Gaza Beach Attack

    Smoke billowed from a beach shack after it was hit by Israeli missiles.
    IMAGE: THOMAS COEX/AFP/
  • Gaza%20beach%20attack%2003

    Gaza Beach Attack

    Palestinian employees of Gaza City's al-Deira hotel carry a wounded boy after the strike.
    IMAGE: THOMAS COEX/AFP/
  • Gaza%20beach%20attack%2004

    Gaza Beach Attack

    Relatives of the four boys killed during the Israeli strike mourn during their funeral in Gaza City. The deaths raised the overall toll in nine days of violence in Gaza to 213.
    IMAGE: MAHMUD HAMS/AFP/
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    Gaza Beach Attack

    One of the four boys killed by the shelling is held by a relative.
    IMAGE: MOHAMMED TALATENE/ANADOLU AGENCY/
  • Gaza%20beach%20attack%2007

    Gaza Beach Attack

    Relatives and community members carrying the bodies of the four boys killed in Gaza City. The strikes appeared to be the result of shelling by the Israeli navy against an area with small shacks used by fishermen.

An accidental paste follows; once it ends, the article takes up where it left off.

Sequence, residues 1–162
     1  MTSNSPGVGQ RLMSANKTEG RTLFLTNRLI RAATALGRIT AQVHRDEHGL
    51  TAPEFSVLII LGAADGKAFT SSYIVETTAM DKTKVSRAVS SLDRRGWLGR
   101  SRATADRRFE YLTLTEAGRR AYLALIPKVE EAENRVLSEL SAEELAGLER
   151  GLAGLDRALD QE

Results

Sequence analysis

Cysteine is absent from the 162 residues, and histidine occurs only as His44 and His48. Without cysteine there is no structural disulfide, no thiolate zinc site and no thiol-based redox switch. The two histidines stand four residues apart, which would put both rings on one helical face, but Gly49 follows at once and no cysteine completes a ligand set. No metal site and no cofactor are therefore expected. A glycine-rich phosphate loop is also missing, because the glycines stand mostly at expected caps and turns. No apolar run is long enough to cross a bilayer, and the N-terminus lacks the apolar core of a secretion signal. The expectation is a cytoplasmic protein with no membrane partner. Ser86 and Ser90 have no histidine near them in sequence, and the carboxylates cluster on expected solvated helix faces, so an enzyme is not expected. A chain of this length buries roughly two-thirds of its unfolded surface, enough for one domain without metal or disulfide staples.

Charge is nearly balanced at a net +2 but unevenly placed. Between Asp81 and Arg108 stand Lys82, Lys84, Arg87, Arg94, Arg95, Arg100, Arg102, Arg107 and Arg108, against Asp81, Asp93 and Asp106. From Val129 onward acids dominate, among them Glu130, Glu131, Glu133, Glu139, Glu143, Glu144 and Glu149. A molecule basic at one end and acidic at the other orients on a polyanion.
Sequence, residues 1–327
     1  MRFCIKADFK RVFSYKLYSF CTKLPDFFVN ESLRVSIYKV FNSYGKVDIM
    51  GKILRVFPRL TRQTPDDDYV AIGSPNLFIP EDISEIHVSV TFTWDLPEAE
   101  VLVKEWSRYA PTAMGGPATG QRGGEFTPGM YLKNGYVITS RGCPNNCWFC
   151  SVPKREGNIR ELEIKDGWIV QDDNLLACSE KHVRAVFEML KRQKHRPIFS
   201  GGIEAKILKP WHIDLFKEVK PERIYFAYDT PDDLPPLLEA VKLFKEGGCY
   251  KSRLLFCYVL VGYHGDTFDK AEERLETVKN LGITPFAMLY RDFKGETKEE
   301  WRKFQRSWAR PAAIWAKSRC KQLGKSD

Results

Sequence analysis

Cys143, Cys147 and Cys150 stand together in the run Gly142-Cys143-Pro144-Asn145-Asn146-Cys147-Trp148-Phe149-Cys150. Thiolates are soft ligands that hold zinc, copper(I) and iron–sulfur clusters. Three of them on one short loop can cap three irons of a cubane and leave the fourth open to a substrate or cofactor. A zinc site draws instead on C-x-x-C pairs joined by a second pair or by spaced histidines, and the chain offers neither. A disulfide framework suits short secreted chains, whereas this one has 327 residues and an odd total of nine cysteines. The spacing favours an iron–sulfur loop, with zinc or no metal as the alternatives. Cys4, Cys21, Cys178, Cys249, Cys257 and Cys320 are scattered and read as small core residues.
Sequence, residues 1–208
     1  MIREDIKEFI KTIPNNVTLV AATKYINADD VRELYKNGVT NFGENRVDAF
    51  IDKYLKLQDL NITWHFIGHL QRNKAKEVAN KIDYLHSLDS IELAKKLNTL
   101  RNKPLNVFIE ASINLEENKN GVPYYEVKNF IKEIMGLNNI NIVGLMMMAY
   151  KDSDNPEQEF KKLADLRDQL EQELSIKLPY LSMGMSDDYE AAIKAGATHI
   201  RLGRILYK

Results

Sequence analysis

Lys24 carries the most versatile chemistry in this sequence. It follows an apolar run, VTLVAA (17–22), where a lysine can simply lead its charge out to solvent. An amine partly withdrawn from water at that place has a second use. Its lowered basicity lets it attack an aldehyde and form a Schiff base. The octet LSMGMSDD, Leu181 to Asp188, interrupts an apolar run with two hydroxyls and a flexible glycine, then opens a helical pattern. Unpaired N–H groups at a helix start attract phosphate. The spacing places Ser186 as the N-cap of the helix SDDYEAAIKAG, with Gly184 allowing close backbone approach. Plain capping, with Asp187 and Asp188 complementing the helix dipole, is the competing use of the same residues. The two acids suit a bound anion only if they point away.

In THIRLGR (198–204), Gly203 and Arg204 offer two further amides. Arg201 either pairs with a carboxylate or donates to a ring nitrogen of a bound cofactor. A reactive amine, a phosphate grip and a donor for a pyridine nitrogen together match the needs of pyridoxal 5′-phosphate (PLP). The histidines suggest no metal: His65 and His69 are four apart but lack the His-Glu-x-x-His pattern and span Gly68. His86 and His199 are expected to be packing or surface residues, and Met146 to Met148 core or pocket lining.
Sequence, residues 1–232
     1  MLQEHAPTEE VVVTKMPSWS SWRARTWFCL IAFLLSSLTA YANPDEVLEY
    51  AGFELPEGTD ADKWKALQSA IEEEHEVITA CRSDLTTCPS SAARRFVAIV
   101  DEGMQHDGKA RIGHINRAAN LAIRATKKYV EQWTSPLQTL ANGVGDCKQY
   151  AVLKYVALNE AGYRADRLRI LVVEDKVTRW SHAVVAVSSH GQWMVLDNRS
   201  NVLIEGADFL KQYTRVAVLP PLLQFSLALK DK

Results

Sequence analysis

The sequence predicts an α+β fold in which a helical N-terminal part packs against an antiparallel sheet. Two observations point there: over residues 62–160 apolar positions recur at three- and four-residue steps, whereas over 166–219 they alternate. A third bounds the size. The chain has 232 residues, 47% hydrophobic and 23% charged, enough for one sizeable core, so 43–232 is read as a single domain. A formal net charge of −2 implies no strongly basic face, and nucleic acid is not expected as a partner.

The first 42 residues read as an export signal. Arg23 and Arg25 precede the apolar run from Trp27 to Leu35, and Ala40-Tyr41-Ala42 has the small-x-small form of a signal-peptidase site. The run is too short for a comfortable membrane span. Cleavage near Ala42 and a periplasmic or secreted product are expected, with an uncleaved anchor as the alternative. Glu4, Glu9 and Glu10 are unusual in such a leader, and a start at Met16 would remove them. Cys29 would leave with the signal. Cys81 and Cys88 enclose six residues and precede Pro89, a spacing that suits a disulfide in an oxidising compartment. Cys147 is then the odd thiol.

IMAGE: MOHAMMED TALATENE/ANADOLU AGENCY/
  • Gaza%20beach%20attack%2005

    Gaza Beach Attack

    A relative of the four Palestinian boys, all from the Bakr family, mourns outside the morgue of al-Shifa hospital.
    IMAGE: MAHMUD HAMS/AFP/
  • Gaza%20beach%20attack%2008

    Gaza Beach Attack

    The four boys, who were cousins and ages nine to 11, were killed while playing on a beach off a coastal road west of Gaza City, said Ashraf Al Kedra, a Palestinian doctor.
    IMAGE: LEFTERIS PITARAKIS//ASSOCIATED PRESS